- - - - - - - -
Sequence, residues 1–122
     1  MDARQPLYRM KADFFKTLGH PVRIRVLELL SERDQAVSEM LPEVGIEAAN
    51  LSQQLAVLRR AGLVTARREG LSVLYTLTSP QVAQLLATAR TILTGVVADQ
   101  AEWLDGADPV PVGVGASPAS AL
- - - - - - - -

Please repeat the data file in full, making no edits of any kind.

Sequence, residues 1–122
     1  MDARQPLYRM KADFFKTLGH PVRIRVLELL SERDQAVSEM LPEVGIEAAN
    51  LSQQLAVLRR AGLVTARREG LSVLYTLTSP QVAQLLATAR TILTGVVADQ
   101  AEWLDGADPV PVGVGASPAS AL